14. sullen

    sullen Question Answerer

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    Dh has a plan if he does. But he will never die. He is one of those mean cusses who have great luck and never have anything happen to them.
     
  15. mama2littleman

    mama2littleman El Paso

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    Caelma, the story you tell is one that happens all to often in Military families. DH and I have a file in a safe labeled "The Death File". Sounds morbid, but it's one stop shopping for wills, powers of attorney, life insurance policies, everything for both of us. We had a friend go through a story similar to the one you told when her husband died in a training accident, and we decided to never be put in that position. We figured that that time would be hard enough without having to worry about hunting down paperwork.

    Nikki
     
  16. Beltane

    Beltane Enjoying Four Seasons

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    I am so sorry this is happening to you. :( Thank you for being strong enough to post about this.
     
  17. halfpint

    halfpint Well-Known Member Supporter

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    My husband's company offers a survivors benefit insurance when the employee reaches 50. With this, the surviving spouse receives 100% of the employees pension and costs 1 % of his annual income. So for someone who makes $50k per year, it would cost $500 per year, and you pay from the year the employee is 50 until they retire. Without the insurance, I think I would receive about 40% of his pension. The plan that my husband's company offers is not well known, in the past you had to know to ask for it. They had so many complaints of people not knowing it was available, that they are now sending a letter to employees about to turn 50 - but it's legalese and very hard to understand.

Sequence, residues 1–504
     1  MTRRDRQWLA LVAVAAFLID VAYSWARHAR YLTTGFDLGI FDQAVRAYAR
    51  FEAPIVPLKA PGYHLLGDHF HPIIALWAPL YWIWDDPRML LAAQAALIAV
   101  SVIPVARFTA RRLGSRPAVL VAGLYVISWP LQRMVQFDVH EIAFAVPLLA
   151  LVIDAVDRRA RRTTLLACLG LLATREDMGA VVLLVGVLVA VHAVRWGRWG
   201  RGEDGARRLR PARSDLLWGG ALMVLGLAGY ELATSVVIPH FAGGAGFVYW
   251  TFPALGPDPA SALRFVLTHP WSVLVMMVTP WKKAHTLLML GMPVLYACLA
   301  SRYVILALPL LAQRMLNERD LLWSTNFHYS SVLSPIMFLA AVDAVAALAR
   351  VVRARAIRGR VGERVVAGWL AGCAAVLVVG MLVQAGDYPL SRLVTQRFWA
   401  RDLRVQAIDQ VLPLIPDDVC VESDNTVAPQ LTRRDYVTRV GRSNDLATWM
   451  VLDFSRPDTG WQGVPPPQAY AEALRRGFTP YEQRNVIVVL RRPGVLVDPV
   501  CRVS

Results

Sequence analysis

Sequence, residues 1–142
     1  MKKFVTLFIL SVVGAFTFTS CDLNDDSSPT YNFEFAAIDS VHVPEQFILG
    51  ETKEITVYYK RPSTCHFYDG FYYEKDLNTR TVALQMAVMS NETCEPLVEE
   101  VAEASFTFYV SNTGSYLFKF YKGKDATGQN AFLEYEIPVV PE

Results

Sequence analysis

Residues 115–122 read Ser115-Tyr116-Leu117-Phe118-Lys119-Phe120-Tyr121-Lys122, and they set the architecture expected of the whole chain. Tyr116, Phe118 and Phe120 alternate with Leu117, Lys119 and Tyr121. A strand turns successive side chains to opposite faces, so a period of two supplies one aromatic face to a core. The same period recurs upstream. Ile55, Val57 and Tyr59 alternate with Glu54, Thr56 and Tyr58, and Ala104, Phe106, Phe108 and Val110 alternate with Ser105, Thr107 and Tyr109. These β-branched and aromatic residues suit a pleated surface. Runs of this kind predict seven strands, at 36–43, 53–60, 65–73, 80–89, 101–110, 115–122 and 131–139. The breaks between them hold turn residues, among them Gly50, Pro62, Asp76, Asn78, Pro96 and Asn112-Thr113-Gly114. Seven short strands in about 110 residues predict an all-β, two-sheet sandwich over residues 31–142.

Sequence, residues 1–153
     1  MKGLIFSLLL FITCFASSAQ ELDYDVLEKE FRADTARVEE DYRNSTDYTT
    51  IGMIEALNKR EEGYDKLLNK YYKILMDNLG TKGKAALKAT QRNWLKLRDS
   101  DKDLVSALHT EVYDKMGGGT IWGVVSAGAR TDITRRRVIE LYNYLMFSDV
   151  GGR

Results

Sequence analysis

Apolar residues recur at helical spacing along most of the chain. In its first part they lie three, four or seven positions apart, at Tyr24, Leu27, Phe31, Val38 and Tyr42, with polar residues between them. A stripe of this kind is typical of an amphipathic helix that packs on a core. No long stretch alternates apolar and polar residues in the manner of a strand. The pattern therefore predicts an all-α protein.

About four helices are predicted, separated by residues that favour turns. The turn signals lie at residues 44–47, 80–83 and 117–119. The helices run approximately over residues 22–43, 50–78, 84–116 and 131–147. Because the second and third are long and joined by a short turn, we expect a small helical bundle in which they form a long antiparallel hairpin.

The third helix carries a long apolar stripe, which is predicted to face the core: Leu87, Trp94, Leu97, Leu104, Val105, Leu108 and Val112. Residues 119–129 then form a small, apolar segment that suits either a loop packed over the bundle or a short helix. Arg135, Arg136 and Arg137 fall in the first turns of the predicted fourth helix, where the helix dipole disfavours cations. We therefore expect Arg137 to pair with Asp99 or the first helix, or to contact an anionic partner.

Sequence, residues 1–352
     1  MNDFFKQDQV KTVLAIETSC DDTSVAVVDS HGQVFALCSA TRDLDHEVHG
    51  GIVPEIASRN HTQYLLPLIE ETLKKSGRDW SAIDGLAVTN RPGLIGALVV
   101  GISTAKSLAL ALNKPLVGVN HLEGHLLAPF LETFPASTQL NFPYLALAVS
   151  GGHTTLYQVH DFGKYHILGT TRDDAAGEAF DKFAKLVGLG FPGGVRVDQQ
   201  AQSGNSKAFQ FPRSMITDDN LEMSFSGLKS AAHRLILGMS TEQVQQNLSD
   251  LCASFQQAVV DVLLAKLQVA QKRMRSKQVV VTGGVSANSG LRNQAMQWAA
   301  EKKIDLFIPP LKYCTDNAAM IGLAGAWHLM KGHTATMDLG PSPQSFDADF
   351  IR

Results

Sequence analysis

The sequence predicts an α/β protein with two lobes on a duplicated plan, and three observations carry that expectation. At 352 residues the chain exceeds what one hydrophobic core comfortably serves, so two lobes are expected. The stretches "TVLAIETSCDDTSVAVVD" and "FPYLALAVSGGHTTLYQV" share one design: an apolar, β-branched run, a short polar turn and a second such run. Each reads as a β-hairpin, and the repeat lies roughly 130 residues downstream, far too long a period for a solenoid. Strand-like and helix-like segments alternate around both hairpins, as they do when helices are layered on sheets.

If my husband dies in the near future though, I would probably have to go back to work eventually (I'm currently home educating my 8 and 11 year old children). Since I've been getting calls to come back to work getting a job probably wouldn't be a problem right now, but as I get older would become less and less likely, but also less needed. We figured on enough insurance to get me through about 2-3 years without working though.

    It's really hard to plan for everything. Although he has disability insurance we figure a disability would be a major setback as he would only get 60% of his income, plus you have to pay 100% of the insurance, then the uncovered costs of whatever the disability was.

    It sounds as though their children need to learn to support themselves - they really should be the ones helping her out!
    Dawn
     
  18. jill.costello

    jill.costello Well-Known Member

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    I am truely glad this topic is being discussed. I can't tell you how many people I have met who don't think that life insurance is for them or their situation. It took a SHARP conversation/lecture from my mother when I was 22 for me to really see the light.

    She was strongly encouraging me to get health insurance (this was 10 years ago, before my military service). I naively told her that I would just use homeopathy, and failing that, pay out of pocket for doctor visits. Her anger haunts me to this day.....she became very serious and said,"Just what do you think your father and I are going to DO if you get HURT? You will BREAK us, and leave us penniless, if something horrible happened to you and you needed surgery or 'round the clock care; we couldn't let our daughter DIE, so we'd sell everything to care for you! Did you ever think of THAT?"...